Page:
Extending McKinsey’s 7S model to understand strategic alignment in academic libraries

Publication Date10 Jun 2019
AuthorAndrew Martin Cox,Stephen Pinfield,Sophie Rutter
SubjectLibrary & information science,Librarianship/library management,HR in libraries,Library strategy,Library promotion
Extending McKinseys 7S model
to understand strategic alignment
in academic libraries
Andrew Martin Cox and Stephen Pinfield
Information School, University of Sheffield, Sheffield, UK, and
Sophie Rutter
University of Leeds, Leeds, UK
Purpose The purpose of this paper is to conceptualise the issues of alignment for changing academic
libraries by using and extending McKinseys 7S model.
Design/methodology/approach Theoretical work was conducted to consider and extend the 7S model
for the situation of academic libraries. Empirical data were then used to confirm the value of these extensions
and suggest further changes. The data to support the analysis were drawn from 33 interviews with librarians,
library and non-library academics and experts, and a survey of UK library staff.
Findings In the academic library context, the 7S model can be usefully extended to include three library
functions (stuff, space and services) and users. It can also include institutional influences and stakeholders,
and aspects of the external environment or situation, including suppliers and allies. The revised model then
provides a useful framework within which data about library change can be analysed. Perceived barriers to
successful performance fit the model and enable the identification of seven challenges of alignment.
Research limitations/implications The resulting model has potential applications such as in the
structuring analysis of academic library performance, mapping future directions of development and for
exploring variations across the sector and internationally.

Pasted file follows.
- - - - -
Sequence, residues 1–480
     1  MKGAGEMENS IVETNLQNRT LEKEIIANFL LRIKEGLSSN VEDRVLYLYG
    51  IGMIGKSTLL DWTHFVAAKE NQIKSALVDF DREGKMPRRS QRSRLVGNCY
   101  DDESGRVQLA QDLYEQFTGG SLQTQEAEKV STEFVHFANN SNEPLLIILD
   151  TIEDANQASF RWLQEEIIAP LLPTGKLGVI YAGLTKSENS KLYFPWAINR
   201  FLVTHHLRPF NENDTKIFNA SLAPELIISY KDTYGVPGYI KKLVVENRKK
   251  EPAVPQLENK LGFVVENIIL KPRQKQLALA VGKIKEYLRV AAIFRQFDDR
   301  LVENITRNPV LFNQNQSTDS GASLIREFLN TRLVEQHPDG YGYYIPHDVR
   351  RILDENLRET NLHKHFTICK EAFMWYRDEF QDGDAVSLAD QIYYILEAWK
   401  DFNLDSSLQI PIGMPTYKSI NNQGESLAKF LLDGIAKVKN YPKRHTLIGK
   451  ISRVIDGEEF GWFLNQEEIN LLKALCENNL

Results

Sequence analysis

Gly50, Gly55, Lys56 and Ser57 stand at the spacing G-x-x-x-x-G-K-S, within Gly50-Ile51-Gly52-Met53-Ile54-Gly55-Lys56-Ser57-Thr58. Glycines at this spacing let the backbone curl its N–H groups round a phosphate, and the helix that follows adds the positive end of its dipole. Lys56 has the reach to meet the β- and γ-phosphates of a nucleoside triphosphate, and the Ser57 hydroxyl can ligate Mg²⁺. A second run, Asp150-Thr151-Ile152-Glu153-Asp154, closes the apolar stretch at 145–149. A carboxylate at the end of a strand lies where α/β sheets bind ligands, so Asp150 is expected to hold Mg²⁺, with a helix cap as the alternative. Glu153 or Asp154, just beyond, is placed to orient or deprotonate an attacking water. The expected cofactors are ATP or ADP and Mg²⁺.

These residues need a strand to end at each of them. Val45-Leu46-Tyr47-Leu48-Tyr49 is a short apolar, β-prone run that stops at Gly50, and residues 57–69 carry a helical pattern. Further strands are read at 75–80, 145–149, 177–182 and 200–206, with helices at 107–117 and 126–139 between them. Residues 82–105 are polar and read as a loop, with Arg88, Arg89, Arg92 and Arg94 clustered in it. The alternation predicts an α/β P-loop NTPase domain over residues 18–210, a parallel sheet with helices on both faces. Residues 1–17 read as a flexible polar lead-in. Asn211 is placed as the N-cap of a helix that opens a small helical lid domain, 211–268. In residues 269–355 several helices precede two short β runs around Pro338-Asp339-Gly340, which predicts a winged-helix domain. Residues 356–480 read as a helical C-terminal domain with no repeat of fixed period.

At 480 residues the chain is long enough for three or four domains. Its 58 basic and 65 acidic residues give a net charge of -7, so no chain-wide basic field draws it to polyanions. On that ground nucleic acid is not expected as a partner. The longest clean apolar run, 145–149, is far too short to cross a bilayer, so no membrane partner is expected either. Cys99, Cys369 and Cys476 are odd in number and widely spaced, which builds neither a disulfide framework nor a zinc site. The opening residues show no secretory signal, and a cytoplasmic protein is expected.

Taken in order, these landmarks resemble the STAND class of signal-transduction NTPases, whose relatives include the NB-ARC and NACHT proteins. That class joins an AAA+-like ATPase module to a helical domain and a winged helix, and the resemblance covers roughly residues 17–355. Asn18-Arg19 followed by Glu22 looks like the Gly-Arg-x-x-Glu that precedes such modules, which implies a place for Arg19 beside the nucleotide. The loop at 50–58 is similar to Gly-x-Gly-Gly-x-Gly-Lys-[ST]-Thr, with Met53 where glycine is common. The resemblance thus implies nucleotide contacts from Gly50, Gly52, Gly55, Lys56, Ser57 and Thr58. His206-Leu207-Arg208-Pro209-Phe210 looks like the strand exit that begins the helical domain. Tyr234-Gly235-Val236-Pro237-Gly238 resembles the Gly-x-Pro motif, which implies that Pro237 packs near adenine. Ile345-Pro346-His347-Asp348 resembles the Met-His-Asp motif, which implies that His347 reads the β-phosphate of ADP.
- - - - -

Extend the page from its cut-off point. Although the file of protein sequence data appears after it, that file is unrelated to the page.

Practical implications The revised model can be used by practitioners to think through their own
strategic position and to act to shape their future, in the light of seven major areas of alignment.
Originality/value The paper extends a well-known model used in strategy, to produce a more
comprehensive, sector-specific analytic tool.
Keywords Strategy, Academic libraries, Alignment, Strategic alignment, Keywords, Library
Paper type Research paper
Strategy development and implementation is a key area of leadership, including that of
libraries (Bryson, 2011; Corrall, 2000). Developing a direction for the library is a key task of
library directors and other senior managers (Matthews, 2005). Indeed, as McNicol (2005)
pointed out, because the role of the library is changing in fundamental ways, so there is a
need for a much more strategic approach to consider the role of the library. While strategy is
extensively discussed in the library literature, there remains a need for models to help
analyse the situation of academic libraries and help develop effective strategies to deal with
a seemingly increasingly complex, uncertain future (Bryson, 2016; OConnor, 2014).
Research on the management of libraries also has a need for better, sector-specific models
that can be used to structure the analysis of change (Pinfield et al., 2017).
Since it was proposed in the 1980s, McKinseys 7S model of strategy and change has
become an influential approach to analyse strategic change in any type of organisation
(Hayes, 2018; Waterman et al., 1980). It offers a seemingly comprehensive model of the key
strategic resources of the organisation that need to be aligned, being notable for its early
acknowledgement of softelements, influenced by organisational culture. There has been
some use in library world, notably Corralls (2000) adaptation of it.
The purpose of this paper is to understand the issues of alignment by further developing
the 7S model for theacademic library context. Thisis achieved by considering the relevanceof
Library Management
Vol. 40 No. 5, 2019
pp. 313-326
© Emerald PublishingLimited
DOI 10.1108/LM-06-2018-0052
Received 14 June 2018
Revised 24 August 2018
Accepted 10 September 2018
The current issue and full text archive of this journal is available on Emerald Insight at:
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